Retailers and hospitality firms set for business rates ‘double whammy’

September’s 0.5% inflation rise means business rates will surge by £159.42 million in England next April.

Retail
Retail

Retailers and hospitality firms are set for a “double whammy” blow next year as September’s rise in inflation will spark a near £160 million hike in business rates, experts have warned.

The hard-hit retail, leisure and hospitality sectors have been given a one-year business rates holiday to help weather the pandemic, but this is set to end on March 31 – just before the new rate kicks in on April 1.

The increase in the rate of Consumer Prices Index (CPI) inflation to 0.5% last month means business rates will surge by £159.42 million in England next April, according to real estate adviser Altus Group.

PA infographic showing UK inflation rate
(PA Graphics)

It said £50.12 million will be shouldered alone by retailers in a painful “double whammy” for the sector.

Nearly 360,000 occupied retail, leisure and hospitality premises will return to full business rates on April 1 2021 after having had a £10.13 billion rates holiday in England this current financial year, Altus added.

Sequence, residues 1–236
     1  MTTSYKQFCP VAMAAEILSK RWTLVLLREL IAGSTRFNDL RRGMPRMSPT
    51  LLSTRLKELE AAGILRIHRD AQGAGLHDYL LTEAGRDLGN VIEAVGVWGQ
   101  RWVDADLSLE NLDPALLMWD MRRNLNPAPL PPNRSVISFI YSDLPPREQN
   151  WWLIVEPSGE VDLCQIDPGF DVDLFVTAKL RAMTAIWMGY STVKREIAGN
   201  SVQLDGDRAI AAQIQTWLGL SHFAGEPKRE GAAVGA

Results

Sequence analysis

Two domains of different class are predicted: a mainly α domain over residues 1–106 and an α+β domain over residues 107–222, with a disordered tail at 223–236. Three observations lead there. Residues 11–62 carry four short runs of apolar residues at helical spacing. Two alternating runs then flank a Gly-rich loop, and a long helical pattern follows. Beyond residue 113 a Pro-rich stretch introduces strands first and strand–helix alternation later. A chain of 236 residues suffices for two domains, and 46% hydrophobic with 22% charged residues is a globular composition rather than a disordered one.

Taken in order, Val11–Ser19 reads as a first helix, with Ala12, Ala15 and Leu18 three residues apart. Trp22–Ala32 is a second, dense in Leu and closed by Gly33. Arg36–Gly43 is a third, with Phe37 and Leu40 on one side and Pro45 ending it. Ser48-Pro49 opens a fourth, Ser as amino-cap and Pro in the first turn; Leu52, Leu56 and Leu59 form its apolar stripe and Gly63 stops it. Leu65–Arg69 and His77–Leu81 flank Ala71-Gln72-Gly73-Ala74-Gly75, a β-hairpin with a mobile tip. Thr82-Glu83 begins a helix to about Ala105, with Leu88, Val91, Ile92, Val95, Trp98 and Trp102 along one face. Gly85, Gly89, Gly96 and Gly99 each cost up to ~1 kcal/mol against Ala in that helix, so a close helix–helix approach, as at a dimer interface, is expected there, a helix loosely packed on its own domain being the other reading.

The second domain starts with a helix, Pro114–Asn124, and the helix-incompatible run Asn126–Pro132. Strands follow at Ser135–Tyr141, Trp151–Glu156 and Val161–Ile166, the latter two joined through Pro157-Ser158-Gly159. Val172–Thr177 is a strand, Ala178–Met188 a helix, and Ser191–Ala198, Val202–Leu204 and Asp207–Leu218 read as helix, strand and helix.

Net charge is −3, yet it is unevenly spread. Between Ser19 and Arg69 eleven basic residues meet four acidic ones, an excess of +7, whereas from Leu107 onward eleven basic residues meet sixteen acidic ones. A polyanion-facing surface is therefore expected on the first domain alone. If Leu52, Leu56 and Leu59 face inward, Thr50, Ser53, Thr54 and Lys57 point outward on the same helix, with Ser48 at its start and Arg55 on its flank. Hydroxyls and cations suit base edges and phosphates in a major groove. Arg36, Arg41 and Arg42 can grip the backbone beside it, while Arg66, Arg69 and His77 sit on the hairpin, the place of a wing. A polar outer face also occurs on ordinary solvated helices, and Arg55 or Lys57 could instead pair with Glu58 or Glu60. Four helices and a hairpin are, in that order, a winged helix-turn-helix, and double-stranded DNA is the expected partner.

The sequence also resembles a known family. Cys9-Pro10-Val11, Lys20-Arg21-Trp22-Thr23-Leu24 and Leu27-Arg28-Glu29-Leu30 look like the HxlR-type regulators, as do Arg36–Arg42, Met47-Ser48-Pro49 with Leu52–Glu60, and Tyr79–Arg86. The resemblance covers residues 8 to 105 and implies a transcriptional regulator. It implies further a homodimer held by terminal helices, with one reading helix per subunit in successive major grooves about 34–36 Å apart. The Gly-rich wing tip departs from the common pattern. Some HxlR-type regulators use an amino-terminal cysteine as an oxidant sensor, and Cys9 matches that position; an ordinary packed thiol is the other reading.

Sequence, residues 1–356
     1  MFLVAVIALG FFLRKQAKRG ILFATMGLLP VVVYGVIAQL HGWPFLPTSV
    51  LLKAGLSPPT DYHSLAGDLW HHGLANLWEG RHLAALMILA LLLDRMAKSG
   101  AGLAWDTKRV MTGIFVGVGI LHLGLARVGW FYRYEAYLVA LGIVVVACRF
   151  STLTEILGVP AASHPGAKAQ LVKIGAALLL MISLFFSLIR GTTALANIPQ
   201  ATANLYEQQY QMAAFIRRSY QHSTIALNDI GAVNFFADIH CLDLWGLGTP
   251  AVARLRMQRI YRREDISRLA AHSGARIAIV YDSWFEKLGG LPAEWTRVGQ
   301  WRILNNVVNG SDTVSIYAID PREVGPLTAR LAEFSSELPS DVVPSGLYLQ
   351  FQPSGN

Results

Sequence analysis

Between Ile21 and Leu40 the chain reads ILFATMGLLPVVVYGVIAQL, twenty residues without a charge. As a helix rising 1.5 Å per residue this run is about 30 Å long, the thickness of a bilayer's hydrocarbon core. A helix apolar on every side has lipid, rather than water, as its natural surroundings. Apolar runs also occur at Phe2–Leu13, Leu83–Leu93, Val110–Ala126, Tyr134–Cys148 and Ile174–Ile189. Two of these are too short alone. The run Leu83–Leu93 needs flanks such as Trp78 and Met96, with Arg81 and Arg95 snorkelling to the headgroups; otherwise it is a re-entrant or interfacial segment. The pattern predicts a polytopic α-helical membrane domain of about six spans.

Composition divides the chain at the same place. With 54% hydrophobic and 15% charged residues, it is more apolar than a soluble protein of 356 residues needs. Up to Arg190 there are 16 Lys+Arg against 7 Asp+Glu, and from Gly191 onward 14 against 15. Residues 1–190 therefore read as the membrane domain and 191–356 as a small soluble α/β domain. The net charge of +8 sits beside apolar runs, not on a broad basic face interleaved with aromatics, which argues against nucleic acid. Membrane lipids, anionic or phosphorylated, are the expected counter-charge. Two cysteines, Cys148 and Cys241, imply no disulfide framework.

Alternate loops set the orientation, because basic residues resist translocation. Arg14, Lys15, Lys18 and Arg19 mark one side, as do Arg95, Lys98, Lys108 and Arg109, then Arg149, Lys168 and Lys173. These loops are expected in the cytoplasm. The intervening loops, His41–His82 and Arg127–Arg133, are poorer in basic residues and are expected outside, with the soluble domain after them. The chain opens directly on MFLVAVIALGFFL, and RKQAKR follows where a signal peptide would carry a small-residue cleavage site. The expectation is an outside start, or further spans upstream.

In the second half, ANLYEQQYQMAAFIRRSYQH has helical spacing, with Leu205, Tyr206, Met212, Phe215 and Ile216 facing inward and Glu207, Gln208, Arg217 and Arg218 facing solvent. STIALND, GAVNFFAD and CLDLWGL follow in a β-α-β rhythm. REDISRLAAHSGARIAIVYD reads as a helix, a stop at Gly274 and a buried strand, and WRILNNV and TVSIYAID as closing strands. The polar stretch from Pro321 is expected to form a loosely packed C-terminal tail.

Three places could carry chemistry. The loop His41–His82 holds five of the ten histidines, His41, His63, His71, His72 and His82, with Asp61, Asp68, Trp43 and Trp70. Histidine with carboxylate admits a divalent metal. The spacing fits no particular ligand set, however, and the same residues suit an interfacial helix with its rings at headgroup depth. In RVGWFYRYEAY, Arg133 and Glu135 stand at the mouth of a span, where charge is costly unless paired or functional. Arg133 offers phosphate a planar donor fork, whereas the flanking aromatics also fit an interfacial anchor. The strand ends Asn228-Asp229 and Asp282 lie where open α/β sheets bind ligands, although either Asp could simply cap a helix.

Robert Hayton, head of UK business rates at Altus, said: “Government has an opportunity to disprove detractors, showing that the business rates system is in step with reality ensuring appeals to reduce property values because of Covid are accepted quickly, and at the same time, injecting additional targeted financial support to where it is needed most.”

The Government confirmed earlier this month that the next revaluation of business rates on shops and business premises will be postponed until April 2023, but this has disappointed many who are calling for an urgent overhaul of the system.

The September CPI figure is also used each year to calculate the increase in state pensions and benefits, though pensions are protected thanks to the triple lock guarantee.

State pensions will rise by 2.5% as it guarantees to increase by the highest figure out of CPI, earnings growth for the year to July, or 2.5%.

The Trades Union Congress (TUC) said a 0.5% rise for state benefits, such as Universal Credit, “will not be enough to get families through the tough year ahead”.

It has called for a rethink, given that “these aren’t normal times”.

TUC general secretary Frances O’Grady said: “That’s why we’re calling for an increase in the basic amount of Universal Credit to £260 a week.

“And the Chancellor should not wait until April. He should bring in the rise early as families need that support now.”

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